There’s no denying that teachers play an integral role in any student’s high school experience. Of course, first and foremost, they are the ones responsible for delivering the educational material that you’ll need to learn. Beyond that, they can serve as advisers, coaches, and mentors throughout your high school years.

 

Maintaining good relationships with your teachers is important for a few reasons. First, if you find yourself in a position where you need help or extra support, a teacher who knows and trusts you is more likely to go to extra lengths to lend a hand. Next, teachers can help you with important networking needed to find jobs, scholarships, and even connections at colleges. Finally, it’s your teachers who will be writing your college recommendations.

 

Of course, it’s hard to connect with each and every teacher whose doors you pass through during your four years at high school. There will inevitably be some disagreements or times when you don’t see eye to eye with teachers; after all, they’re people too. But it’s important that you make the effort to get along with all your teachers, whether they are your favorites or not.

 

Inevitably, at some point during your high school career, you will need to reach out to a teacher to arrange a formal conversation. Perhaps you need an extension on a homework assignment, an extra credit opportunity to make up for a poor grade, or the chance to air your concerns regarding the amount of homework you receive. Some of these conversations may not be easy to have, but self-advocating is an important skill to develop now, while you still have somewhat of a safety net.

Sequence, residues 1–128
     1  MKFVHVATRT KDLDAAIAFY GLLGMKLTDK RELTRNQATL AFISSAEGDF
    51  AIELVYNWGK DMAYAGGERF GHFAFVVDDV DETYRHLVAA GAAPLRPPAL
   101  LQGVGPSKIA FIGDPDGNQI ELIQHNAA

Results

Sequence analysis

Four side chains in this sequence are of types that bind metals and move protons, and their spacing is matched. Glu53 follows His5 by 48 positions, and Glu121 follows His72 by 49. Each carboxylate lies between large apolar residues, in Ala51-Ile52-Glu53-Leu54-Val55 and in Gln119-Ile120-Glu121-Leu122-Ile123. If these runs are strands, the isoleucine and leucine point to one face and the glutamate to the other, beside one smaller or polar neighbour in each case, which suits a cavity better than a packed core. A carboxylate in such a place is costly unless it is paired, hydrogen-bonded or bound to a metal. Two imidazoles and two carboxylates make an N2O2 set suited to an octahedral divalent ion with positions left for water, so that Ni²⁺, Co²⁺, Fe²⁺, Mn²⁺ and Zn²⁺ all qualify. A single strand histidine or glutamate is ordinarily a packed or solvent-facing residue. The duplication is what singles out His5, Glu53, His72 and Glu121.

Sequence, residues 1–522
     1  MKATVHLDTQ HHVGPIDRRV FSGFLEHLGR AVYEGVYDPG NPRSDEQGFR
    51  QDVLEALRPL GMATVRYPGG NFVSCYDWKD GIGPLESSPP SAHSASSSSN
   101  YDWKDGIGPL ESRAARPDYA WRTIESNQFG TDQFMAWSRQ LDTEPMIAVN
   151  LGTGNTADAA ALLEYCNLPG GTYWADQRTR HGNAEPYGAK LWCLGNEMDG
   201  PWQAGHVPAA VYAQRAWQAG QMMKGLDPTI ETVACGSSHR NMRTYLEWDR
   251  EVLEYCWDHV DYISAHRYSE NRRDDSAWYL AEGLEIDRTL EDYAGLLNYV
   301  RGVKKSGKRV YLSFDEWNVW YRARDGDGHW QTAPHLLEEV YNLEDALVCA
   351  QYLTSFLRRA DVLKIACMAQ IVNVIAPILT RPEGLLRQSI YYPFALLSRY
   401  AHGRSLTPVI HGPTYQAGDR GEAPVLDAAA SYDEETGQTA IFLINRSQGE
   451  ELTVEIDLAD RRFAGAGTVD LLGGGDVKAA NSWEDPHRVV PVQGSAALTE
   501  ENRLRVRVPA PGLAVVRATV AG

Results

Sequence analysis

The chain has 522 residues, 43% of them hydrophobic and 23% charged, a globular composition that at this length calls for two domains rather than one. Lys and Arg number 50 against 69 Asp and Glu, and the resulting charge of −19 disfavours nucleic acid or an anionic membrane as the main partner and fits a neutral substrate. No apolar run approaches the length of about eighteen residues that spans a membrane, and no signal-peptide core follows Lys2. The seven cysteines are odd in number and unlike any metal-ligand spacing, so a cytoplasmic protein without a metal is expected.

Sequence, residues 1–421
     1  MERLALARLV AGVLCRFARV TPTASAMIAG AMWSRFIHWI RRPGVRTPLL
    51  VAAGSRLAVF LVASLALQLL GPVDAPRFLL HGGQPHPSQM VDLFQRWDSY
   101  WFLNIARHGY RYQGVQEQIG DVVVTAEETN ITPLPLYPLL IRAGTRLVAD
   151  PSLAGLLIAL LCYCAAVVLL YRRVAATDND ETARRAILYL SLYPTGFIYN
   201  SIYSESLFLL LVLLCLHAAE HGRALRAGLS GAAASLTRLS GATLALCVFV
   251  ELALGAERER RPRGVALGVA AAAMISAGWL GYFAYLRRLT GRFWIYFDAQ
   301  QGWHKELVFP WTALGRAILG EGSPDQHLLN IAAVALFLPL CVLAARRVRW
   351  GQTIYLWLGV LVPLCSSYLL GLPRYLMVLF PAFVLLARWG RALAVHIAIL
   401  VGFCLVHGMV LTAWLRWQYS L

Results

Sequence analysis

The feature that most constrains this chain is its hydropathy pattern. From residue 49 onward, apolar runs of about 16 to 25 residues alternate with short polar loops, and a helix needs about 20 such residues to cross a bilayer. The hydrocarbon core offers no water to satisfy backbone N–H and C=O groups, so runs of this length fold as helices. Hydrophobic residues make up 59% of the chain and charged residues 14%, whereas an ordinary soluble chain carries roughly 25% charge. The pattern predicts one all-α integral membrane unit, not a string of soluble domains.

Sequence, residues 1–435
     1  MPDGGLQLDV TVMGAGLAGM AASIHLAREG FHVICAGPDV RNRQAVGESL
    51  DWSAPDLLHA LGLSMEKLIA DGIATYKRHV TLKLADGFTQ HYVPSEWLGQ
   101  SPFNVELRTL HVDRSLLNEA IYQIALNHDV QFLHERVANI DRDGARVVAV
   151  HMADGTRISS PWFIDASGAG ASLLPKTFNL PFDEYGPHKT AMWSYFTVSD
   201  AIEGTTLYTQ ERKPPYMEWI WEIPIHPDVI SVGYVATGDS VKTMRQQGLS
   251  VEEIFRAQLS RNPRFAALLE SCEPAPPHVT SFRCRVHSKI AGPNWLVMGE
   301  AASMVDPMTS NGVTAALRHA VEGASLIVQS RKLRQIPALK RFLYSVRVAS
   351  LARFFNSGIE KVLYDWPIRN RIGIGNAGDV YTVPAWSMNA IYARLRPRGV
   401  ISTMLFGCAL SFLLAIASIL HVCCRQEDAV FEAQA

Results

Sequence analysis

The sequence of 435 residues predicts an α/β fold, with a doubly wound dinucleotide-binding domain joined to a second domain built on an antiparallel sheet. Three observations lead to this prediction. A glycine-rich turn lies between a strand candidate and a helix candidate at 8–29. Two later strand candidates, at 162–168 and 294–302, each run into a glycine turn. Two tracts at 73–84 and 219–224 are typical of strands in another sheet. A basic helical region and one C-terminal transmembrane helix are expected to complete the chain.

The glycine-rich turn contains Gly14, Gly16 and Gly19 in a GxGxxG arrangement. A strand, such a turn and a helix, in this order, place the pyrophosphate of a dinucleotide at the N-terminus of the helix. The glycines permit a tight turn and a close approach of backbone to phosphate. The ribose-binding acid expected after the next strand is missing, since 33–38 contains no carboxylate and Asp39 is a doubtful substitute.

In college, you will need to take much more initiative to talk with professors, who often have hundreds of students. High school is the time to learn how to have important or difficult conversations with your teachers, especially if you’re an introvert or naturally less comfortable talking to adults in positions of authority.

 

In this post, we outline ten tips for talking with your teachers.

 

Respect Time

Your teacher is busy. Even if he or she only teaches a few sections at your school, many teachers have second jobs, families at home, or other obligations outside the classroom. It’s important to be respectful of your teacher’s time.

 

If you need to have a conversation with your teacher that is any more involved than a few quick yes or no questions, you should always make an appointment in advance.

 

Some teachers have set times that they are available for help or conversations. These are often listed on the course syllabus that you receive at the beginning of the school year. If this is the case, it’s a good idea to email your teacher or stop by briefly after class to confirm that he or she will around and available to you during that time.

 

If your teacher does not have times formally set aside, it’s best to email him or her to arrange a convenient time that works for both of you. You don’t need to tell your teacher specifically what you want to talk about, but you should give some idea of a timeframe and the general subject matter.